Let’s face it; most of us have a tough time asking someone for help. We feel like we need to “go it alone,” rather than, except that others may have more skill in a particular area. Looking for a job, or even an internship, in today’s economy requires a tactical, creative, diverse and collaborative strategic approach. Granted, it should not be “What can you do for me?” but rather, “Can you assist me in achieving my career objective?”
Here are some of my thoughts:
Online Networking– Linkedin.com, myspace.com and facebook.com have genuine value in your job search. Be professional, be engaging and connect with many people to maximize your job prospects. How many times have you read blogs and never posted a “burning question?” Use resources, such as del.icio.us to bookmark and monitor your social networking sites.
Traditional Networking – Yes, you constantly hear, “It’s not what you know, it’s who you know.” You do not have to rely on nepotism to land your next job, instead seek out the opportunity to meet new people and take the time to reconnect with past acquaintances. There are a plethora of networking groups out there dedicated to helping you, such as the Scottsdale Job Network, church groups and One-Stop Centers . Invest some time on Google (or whatever search engine you prefer) searching for networking groups in your area.
Blogs – Learn from others by setting RSS feeds to your favorite online orators or websites. Why try to “reinvent the wheel” when someone, somewhere has already encountered the same problem?
Online Job Resources – Rather than endlessly searching great online job boards, why not tailor your search? Set up a “Job Scout” to have job possibilities sent directly to your email. This approach is great for people who know exactly what skills they possess and what jobs they want.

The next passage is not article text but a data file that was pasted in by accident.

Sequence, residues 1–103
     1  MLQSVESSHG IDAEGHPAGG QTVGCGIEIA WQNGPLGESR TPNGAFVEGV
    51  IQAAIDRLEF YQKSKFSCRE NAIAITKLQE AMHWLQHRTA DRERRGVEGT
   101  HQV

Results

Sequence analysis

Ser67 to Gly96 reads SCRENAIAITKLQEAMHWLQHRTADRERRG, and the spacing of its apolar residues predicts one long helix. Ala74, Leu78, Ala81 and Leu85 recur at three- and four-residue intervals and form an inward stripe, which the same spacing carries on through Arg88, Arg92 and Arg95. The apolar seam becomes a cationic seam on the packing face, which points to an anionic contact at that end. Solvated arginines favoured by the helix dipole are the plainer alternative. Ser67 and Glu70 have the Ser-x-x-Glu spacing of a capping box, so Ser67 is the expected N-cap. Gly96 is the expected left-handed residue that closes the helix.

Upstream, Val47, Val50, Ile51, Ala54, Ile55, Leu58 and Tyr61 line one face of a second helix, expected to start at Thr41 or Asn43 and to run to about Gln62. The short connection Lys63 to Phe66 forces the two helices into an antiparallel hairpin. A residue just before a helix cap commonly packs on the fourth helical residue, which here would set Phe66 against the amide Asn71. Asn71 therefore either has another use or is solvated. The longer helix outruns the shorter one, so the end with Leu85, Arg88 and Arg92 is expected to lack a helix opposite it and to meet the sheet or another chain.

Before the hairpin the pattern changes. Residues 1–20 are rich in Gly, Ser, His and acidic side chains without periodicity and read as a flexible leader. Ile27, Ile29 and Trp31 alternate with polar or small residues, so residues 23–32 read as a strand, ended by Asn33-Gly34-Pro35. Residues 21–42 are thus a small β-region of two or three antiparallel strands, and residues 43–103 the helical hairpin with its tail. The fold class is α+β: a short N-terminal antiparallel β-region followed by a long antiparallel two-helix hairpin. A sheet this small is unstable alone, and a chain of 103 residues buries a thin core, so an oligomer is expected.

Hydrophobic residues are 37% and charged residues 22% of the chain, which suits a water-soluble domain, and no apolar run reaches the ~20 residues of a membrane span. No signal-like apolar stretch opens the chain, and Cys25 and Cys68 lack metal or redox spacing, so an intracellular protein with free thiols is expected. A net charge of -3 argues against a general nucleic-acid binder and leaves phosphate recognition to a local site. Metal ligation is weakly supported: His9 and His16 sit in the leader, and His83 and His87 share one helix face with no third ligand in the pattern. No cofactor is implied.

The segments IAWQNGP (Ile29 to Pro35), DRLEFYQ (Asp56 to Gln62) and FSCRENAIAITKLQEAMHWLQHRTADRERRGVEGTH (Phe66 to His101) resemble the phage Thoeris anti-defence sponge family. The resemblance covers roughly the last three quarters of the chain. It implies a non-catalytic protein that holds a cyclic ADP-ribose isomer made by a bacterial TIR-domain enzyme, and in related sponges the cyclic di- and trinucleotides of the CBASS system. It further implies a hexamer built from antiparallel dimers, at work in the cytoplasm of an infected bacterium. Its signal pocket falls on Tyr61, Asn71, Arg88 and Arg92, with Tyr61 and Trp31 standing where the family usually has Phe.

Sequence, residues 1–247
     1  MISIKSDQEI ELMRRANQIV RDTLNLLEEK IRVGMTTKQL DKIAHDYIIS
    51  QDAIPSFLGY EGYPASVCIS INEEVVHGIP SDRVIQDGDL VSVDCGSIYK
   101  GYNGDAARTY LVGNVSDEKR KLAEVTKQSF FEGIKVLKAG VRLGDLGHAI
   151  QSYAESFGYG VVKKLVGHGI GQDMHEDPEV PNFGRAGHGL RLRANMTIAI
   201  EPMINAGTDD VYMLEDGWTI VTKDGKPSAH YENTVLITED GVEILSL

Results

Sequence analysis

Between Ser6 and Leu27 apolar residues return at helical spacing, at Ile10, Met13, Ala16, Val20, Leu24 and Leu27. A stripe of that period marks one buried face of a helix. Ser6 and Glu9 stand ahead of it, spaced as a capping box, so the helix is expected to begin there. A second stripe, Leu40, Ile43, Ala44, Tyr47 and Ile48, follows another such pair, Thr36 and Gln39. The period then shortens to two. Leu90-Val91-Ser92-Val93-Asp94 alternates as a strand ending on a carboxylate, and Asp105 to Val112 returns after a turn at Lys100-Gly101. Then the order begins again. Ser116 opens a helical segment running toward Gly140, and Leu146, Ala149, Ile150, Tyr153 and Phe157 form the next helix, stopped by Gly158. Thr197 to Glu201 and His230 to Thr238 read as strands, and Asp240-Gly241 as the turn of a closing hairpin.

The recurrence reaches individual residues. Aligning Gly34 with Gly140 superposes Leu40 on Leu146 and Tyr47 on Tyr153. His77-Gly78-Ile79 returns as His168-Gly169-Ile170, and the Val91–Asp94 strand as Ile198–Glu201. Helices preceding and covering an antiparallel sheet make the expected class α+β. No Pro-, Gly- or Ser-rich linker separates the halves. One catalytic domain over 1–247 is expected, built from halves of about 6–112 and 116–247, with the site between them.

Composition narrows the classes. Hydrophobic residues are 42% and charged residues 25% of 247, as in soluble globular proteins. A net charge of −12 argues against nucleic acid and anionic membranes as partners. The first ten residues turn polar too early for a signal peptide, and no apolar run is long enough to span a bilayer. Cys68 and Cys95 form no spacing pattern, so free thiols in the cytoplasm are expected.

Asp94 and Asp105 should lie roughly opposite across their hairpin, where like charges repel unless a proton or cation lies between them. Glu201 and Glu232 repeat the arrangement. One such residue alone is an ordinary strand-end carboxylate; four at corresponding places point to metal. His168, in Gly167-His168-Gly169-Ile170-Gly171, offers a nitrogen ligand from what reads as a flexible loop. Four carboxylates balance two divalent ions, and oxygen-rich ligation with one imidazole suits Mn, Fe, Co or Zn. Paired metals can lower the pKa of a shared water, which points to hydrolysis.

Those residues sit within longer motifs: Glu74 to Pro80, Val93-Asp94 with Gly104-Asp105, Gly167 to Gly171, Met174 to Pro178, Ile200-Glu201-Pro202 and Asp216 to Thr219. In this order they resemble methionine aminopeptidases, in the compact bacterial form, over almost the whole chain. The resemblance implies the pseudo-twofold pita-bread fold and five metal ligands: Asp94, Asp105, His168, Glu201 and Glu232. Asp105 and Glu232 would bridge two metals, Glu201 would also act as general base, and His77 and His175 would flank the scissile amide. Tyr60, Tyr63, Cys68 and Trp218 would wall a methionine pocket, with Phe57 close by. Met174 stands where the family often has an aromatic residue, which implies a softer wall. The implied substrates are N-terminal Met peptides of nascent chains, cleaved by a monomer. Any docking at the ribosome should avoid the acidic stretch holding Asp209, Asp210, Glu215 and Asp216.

Human to Human Contact – I have known many job seekers who spend 10, 12 or 14 hours per day searching online endlessly! When I first started looking for a job, someone told me, “Looking for a job is a full-time job!” Since that time, I have come to my own conclusion that quality time is better than quantity of time. My recommendations for job seekers includes balancing of time: Visit Job Fairs, contact our career center which is free and open to the public, visit your local One-Stop Center (http://www.careeronestop.org) or other provider of career-support assistance to gain further insight. Take the time to ask someone to “critique” your resume!
Rest assured the right opportunity will present itself, if you take the time to find it or invest the energy to create it! Please post your comments below.